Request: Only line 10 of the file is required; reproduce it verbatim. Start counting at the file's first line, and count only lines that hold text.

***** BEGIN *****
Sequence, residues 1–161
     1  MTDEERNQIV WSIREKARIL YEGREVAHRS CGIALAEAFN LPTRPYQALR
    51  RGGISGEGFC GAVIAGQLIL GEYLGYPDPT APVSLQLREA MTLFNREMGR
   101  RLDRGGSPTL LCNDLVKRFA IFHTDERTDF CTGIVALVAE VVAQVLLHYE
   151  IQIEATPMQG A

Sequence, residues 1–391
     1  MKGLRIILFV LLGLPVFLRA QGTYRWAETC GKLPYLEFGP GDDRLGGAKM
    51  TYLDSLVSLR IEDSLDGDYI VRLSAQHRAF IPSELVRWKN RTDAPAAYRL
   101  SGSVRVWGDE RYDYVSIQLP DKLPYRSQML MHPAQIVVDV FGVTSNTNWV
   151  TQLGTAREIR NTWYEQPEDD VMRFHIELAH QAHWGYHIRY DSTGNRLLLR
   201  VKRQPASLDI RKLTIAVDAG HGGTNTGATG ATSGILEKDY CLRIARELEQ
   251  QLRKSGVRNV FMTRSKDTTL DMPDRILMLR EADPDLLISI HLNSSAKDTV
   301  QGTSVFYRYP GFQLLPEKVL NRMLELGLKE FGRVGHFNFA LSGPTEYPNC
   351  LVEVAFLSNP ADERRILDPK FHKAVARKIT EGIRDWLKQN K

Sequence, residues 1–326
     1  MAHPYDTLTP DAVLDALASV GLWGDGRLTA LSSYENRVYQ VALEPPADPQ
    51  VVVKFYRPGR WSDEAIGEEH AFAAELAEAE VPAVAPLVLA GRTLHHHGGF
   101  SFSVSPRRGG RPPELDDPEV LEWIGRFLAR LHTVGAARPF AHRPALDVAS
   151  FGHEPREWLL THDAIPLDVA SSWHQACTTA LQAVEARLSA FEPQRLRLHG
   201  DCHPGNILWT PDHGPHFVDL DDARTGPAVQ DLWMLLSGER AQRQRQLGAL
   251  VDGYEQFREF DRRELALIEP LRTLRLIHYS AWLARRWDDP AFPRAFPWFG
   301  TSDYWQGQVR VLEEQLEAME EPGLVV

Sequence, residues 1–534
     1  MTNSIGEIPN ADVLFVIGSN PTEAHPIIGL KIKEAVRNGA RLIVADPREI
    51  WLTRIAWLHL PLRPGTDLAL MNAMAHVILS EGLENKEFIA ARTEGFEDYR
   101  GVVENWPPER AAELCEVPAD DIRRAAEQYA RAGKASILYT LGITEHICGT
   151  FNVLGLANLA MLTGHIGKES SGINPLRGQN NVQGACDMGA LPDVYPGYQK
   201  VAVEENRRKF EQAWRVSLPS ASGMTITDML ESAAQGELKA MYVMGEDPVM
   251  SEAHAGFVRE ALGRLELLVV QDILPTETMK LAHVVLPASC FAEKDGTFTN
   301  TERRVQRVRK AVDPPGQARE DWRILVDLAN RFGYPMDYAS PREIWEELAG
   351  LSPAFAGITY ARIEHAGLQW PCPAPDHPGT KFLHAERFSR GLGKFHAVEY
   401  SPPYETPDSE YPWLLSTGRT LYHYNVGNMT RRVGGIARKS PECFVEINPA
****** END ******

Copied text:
   151  TQLGTAREIR NTWYEQPEDD VMRFHIELAH QAHWGYHIRY DSTGNRLLLR